He Loves Me!
This devotional is a series of excerpts from Wayne Jacobsen's life changing book, He Loves Me! Download a PDF of this book by clicking the link below.
Day 10: What Kind of Father is This?
Anyone hearing Jesus' story for the first time would be shocked at this father's actions. His arrogant son dishonors him by asking for his inheritance while the father is still alive, and who by all indications is nowhere near death's door. What kind of son claims his father's inheritance while he's still alive? How dare he even ask! As rude as the son's request might be, we can at least understand it. We all know what it is to want to get our hands on dad's money, even if most of us are too civil to pursue it. But it's this father who defies comprehension.
What does the father do in response to this outrageous request? He gives it to him. This is even more shocking than the son asking. He divides the inheritance between his two sons and lets him go. How many fathers would do that, especially when they knew the younger son was up to no good? What kind of father is this?
The son squanders his inheritance on his own pleasure, instead of investing it for the future. But the father does not go and nag him. He finally loses it all and ends up destitute. But the father does not try to rescue him.
Where is the father? He is back on the farm, waiting. He doesn't chase after his son to tell him that he's foolish nor does he rush off to buy him dinner when famine hits. He waits. What kind of father is this?
Is he indifferent to his son's plight? Any parent who has ever watched their son or daughter make bad choices, knows that waiting is far more difficult than prodding or nagging. But wait he does, for a marvelous thing to happen-to let the son come to his senses.
We soon find out, however, just how expectant that waiting was. Years later when he returns the father spots him while he is still a long ways off. The only way that would have happened was if the father had been constantly looking. He probably never walked by the road without looking down it, hoping against hope that today would be the day his boy would come home. I can see him with one eye on his work, the other focused down the road, looking for the familiar gait of his beloved son. One day he spots him, even though he would have been emaciated with hunger and hunched over in humiliation. "That's him! That's my boy!"
What does he do now? Does he stand on the porch with arms crossed waiting for his son to walk all the way to the house humiliated, then fall down in the dirt and grovel for his next meal? That's what I might have done. I would even have practiced my I-hope-you-learned-your-lesson speech. Not this father. Without hesitation the father jumps off the porch and runs down the road. This is all the more amazing when you remember how this father would have been dressed. He wouldn't have been wearing pants or jogging shorts, but long, cumbersome robes. In that time it was dishonorable for an older man to run, exposing his legs in the process. But this father again demonstrates his love by sacrificing his own dignity in deference to his son. He hiked up his robes and went barreling down the road as fast as he could run. What kind of father is this?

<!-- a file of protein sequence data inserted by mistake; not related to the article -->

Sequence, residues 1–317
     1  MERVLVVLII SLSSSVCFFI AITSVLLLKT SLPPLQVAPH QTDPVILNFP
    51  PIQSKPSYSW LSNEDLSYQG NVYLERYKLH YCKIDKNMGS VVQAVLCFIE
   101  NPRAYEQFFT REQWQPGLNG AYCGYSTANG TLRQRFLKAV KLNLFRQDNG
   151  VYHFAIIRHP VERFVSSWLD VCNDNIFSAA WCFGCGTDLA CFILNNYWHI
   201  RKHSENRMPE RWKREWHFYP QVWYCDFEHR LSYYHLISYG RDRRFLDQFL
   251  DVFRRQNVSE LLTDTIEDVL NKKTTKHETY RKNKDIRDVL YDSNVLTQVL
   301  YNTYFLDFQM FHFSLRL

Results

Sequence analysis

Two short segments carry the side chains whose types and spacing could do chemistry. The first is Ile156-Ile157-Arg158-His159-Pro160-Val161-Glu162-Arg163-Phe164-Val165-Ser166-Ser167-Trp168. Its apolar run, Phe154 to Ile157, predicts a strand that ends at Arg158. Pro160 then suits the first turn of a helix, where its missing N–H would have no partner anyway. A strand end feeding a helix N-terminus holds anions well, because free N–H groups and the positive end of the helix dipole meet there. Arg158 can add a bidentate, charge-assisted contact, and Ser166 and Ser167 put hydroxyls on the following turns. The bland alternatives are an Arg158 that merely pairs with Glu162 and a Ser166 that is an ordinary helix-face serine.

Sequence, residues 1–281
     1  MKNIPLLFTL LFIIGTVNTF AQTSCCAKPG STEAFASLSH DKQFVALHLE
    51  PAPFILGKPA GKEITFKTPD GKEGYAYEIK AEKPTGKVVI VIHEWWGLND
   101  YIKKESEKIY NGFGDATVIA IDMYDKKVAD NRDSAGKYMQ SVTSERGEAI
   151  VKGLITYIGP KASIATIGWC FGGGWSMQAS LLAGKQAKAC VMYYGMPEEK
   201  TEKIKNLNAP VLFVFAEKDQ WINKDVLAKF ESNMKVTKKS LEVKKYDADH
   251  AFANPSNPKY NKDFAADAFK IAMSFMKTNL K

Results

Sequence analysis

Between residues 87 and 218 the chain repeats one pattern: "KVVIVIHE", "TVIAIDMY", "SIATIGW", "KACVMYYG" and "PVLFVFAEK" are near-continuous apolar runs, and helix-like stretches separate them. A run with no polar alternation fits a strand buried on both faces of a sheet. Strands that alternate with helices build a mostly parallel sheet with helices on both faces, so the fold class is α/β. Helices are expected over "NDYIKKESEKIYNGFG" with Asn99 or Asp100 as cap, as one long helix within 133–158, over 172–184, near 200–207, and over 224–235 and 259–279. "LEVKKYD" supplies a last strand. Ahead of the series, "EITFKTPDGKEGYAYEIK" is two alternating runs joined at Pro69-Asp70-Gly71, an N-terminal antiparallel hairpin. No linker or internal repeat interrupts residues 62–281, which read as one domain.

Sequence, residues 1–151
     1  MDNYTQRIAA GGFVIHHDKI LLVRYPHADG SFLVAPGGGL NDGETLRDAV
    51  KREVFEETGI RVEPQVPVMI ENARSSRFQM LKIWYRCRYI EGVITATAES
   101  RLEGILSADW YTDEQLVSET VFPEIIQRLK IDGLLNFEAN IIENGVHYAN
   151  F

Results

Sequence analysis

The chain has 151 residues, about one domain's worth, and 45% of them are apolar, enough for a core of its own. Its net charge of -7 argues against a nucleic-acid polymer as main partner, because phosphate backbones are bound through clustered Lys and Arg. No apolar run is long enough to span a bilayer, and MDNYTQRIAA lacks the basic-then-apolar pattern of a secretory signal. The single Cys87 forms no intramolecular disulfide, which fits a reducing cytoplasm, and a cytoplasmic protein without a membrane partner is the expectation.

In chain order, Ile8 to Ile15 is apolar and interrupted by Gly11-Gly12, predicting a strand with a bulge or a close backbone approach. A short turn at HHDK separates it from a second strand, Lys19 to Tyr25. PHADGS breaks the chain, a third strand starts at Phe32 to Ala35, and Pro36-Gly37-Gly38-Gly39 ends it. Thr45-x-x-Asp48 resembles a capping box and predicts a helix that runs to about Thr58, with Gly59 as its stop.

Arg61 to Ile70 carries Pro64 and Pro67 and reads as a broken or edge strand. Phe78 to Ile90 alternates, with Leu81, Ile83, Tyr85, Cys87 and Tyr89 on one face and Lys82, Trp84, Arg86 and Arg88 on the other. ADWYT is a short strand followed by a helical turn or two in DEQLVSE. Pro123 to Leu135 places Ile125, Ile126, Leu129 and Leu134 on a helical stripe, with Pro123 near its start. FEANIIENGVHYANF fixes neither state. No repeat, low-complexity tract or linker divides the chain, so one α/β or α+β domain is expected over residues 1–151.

Can you imagine what his son must have thought when he finally looked up and saw his father bearing down on him? Could he tell if he was joyful or angry? He must have thought the latter, for he launches into his prepared speech even before his father gets there. "I am no longer worthy to be called your son; make me like one of your hired men."
But his words are not even acknowledged by the father, as he reaches his son and swallows up the words with hugs and kisses of delight. Not a hint of anger comes from the father, nor would he talk one moment about his offer to be his servant. He was too overcome with joy; the son he'd always wanted had found his way home.
Moments later the father's servants arrive. They must have seen him running down the road and chased after him, anxious to see what the father would do to his selfish son. What a shock it must have been for them to come upon such a festival of celebration. The father turns to them too. "Get a robe, a ring, and a new pair of sandals. Stoke up the fire and let's get ready to celebrate."
A party? For the son that squandered the family inheritance on his own selfish pleasures? How could this be? The son deserved punishment not a party! What kind of father is this?